This talk describes the phenomenon of socio-digital vulnerability (SDV). SDV refers to the susceptibility of individuals and groups within mediated environments to decisional, social, or constitutive interference.
Drawing from work in law and design, Professor Calo uses dark patterns, robots, generative artificial intelligence, and other examples to evidence the problem of SDV. He argues that vulnerability in mediated environments is best understood in context, rather than as a binary. And he suggests policy frameworks that go behind harm mitigation to address the power imbalances that underpin SDV.
This talk draws from co-authored work with MIT Media Lab social roboticist Daniella DiPaola.
Ryan Calo is the Lane Powell and D. Wayne Gittinger Professor at the University of Washington School of Law and holds a joint appointment in the Information School and a courtesy appointment in the Paul G. Allen School of Computer Science and Engineering. He is a founding co-director (with Batya Friedman and Tadayoshi Kohno) of the interdisciplinary UW Tech Policy Lab and a co-founder (with Chris Coward, Emma Spiro, Kate Starbird, and Jevin West) of the UW Center for an Informed Public.
Professor Calo’s research on law and emerging technology appears in leading law reviews (California Law Review, University of Chicago Law Review, and Columbia Law Review) and technical publications (MIT Press, Nature, Artificial Intelligence) and is frequently referenced by the national media. His work has been translated into at least four languages. Professor Calo has testified before the German parliament, the California Little Hoover Commission, and the full Judiciary and Commerce Committees of the United States Senate. He has organized events on behalf of the National Science Foundation, the National Academy of Sciences, and the Obama White House. He has been a speaker at President Obama’s Frontiers Conference, the Aspen Ideas Festival, and NPR’s Weekend in Washington.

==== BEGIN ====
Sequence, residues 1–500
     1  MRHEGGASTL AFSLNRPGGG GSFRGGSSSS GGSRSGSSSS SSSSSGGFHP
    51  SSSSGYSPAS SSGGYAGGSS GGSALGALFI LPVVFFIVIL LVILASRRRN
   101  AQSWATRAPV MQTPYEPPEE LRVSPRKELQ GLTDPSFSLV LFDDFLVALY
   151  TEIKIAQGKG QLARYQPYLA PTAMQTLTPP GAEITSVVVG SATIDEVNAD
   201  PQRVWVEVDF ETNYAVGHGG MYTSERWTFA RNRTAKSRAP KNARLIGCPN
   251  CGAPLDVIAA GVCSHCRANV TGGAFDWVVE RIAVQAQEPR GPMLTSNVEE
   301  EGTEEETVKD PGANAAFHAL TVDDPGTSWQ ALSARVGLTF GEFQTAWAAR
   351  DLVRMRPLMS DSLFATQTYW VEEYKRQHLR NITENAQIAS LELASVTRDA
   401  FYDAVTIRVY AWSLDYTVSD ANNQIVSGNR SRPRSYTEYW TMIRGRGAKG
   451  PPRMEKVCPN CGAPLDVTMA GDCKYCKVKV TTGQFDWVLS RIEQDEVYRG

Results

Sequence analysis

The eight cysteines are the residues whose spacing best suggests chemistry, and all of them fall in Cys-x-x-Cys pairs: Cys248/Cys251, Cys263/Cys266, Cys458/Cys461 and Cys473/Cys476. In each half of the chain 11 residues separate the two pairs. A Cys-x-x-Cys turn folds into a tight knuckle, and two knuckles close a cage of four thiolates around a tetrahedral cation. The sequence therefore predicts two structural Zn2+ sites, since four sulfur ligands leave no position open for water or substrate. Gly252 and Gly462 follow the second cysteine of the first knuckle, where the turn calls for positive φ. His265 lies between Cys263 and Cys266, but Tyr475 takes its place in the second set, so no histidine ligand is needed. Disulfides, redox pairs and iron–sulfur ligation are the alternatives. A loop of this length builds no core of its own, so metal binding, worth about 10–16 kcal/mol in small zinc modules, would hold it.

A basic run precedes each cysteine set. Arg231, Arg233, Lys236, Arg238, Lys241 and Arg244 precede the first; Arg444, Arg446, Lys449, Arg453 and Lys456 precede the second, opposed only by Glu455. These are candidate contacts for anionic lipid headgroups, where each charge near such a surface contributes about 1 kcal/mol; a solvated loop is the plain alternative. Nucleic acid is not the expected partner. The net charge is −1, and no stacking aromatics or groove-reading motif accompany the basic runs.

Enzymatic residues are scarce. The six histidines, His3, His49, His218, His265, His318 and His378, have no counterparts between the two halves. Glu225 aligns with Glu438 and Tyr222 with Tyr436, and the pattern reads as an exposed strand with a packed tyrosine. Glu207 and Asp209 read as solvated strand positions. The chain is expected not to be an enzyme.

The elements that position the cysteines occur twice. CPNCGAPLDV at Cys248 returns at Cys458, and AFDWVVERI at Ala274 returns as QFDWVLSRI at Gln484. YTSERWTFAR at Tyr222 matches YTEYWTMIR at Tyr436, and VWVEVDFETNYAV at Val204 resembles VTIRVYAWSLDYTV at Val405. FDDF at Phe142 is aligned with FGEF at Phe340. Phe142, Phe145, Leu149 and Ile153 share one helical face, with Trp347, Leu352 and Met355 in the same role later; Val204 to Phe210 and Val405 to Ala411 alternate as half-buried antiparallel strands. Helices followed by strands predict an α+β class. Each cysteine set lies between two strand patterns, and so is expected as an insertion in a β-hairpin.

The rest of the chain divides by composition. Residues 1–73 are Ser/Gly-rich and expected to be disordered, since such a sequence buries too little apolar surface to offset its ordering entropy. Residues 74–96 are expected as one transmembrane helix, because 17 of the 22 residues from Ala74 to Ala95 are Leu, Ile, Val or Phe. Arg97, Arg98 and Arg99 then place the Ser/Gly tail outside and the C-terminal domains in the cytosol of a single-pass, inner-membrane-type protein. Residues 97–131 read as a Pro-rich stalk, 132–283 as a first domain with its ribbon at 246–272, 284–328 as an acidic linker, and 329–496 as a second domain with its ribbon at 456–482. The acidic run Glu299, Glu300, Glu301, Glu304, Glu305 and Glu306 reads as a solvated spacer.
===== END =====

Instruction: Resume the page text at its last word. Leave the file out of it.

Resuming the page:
Professor Calo is a board member of the R Street Institute and an affiliate scholar at the Stanford Law School Center for Internet and Society (CIS), where he was a research fellow, and the Yale Law School Information Society Project (ISP). He serves on numerous advisory boards and steering committees, including University of California’s People and Robots Initiative, the Electronic Frontier Foundation (EFF), the Center for Democracy and Technology (CDT), the Electronic Privacy Information Center (EPIC), Without My Consent, the Foundation for Responsible Robotics, and the Future of Privacy Forum. In 2011, Professor Calo co-founded the annual robotics law and policy conference We Robot with Michael Froomkin and Ian Kerr.
Professor Calo worked as an associate in the Washington, D.C. office of Covington & Burling LLP and clerked for the Honorable R. Guy Cole, the chief justice of the U.S. Court of Appeals for the Sixth Circuit. Prior to law school at the University of Michigan, Professor Calo investigated allegations of police misconduct in New York City. He holds a B.A. in philosophy from Dartmouth College.
Professor Calo won the Phillip A. Trautman 1L Professor of the Year Award in 2014 and 2017 and was awarded the Washington Law Review Faculty Award in 2019.